• Pilate's wife suffered in a dream because of Jesus Matthew 27;
  • Paul was told to go to Macedonia Acts 16

Deuteronomy 13:1-5 offers instruction about those who claim to have inspired but false dreams In Acts 2:17 the apostle Peter quotes Joel 2:28 saying that because of the Spirit now out poured "your old men will dream dreams"

Oneirocritic literatureedit

See also: Dream interpretation

Oneirocritic literature is the traditional ancient and medieval literary format of dream interpretation The ancient sources of oneirocritic literature are Kemetian Aegyptian, Akkadian Babylonian, and Hellenic Greek The medieval sources of oneirocritic literature are Āstika Hindu, Persian, Arabic, and European

Ancient oneirocritic literatureedit

Egyptianedit

The oldest oneirocritic manuscript hitherto discovered is the "Ramesside dream-book" now in the British Museum1 A unique exemplar of a book of dream-interpretation from pre-Hellenistic Egypt, the surviving fragments were translated into English by Kasia Szpakowska2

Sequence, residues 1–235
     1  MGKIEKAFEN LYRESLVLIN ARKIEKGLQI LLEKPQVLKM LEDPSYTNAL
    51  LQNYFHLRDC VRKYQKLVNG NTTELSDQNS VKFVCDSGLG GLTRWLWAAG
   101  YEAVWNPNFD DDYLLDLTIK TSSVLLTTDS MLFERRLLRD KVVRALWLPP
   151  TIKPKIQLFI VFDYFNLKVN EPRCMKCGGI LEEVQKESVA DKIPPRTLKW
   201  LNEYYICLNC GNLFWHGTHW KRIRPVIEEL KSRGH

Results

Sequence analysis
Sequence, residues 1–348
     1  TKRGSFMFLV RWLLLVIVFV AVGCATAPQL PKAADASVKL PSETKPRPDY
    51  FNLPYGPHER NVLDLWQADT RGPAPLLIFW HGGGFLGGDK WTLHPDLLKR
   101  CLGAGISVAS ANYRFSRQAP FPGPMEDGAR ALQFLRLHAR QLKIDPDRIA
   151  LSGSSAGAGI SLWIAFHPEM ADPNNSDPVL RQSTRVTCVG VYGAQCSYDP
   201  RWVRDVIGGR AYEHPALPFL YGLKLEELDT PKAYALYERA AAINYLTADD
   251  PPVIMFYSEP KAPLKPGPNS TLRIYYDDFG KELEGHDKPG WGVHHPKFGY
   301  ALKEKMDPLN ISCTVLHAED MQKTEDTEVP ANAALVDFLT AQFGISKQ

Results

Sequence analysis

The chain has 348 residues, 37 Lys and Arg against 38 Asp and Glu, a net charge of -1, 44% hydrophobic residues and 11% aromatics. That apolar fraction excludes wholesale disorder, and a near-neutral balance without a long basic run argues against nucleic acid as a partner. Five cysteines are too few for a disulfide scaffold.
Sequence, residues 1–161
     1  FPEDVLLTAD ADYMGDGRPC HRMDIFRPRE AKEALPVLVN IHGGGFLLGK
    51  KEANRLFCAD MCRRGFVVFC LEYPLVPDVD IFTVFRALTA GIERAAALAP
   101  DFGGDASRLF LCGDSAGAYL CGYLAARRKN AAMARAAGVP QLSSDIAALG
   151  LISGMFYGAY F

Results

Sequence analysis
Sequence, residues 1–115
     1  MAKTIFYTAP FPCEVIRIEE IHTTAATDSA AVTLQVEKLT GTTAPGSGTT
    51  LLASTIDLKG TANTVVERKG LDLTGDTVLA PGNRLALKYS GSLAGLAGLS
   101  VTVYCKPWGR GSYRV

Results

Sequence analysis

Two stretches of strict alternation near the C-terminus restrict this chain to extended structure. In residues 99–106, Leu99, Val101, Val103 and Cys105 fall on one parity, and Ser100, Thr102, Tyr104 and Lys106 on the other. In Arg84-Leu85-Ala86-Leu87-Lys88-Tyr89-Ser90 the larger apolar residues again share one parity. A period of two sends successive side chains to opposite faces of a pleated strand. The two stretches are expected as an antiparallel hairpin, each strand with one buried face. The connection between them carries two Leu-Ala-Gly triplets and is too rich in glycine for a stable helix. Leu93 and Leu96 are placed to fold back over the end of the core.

Mesopotamianedit

The Epic of Gilgamesh reflects heavily on the belief that our ancients looked to our dreams to predict, roughly, our future, by Gilgamesh's persistence to "sleep on things" and gather information from his dreams before making decisions The story has been retold countless times

Akkadianedit

This was a section of the extensive omen-literature, the most notable exemplar of which was the “Dream Book,” Iškar Zaqīqu3

Greekedit